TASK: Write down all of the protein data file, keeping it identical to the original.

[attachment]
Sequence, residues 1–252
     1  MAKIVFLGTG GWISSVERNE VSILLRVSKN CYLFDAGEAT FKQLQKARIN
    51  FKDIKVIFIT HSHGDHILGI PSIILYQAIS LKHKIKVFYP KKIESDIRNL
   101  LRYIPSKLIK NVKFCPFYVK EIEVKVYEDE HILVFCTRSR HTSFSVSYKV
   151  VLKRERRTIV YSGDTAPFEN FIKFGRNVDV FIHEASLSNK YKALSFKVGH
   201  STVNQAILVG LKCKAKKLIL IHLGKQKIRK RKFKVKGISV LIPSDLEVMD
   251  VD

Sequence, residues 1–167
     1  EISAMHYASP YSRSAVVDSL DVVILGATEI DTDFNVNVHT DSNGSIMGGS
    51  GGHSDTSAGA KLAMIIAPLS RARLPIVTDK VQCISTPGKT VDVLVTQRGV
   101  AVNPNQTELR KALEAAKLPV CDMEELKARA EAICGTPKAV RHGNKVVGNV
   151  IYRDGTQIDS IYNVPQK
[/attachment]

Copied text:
Sequence, residues 1–252
     1  MAKIVFLGTG GWISSVERNE VSILLRVSKN CYLFDAGEAT FKQLQKARIN
    51  FKDIKVIFIT HSHGDHILGI PSIILYQAIS LKHKIKVFYP KKIESDIRNL
   101  LRYIPSKLIK NVKFCPFYVK EIEVKVYEDE HILVFCTRSR HTSFSVSYKV
   151  VLKRERRTIV YSGDTAPFEN FIKFGRNVDV FIHEASLSNK YKALSFKVGH
   201  STVNQAILVG LKCKAKKLIL IHLGKQKIRK RKFKVKGISV LIPSDLEVMD
   251  VD

Sequence, residues 1–167
     1  EISAMHYASP YSRSAVVDSL DVVILGATEI DTDFNVNVHT DSNGSIMGGS
    51  GGHSDTSAGA KLAMIIAPLS RARLPIVTDK VQCISTPGKT VDVLVTQRGV
   101  AVNPNQTELR KALEAAKLPV CDMEELKARA EAICGTPKAV RHGNKVVGNV
   151  IYRDGTQIDS IYNVPQK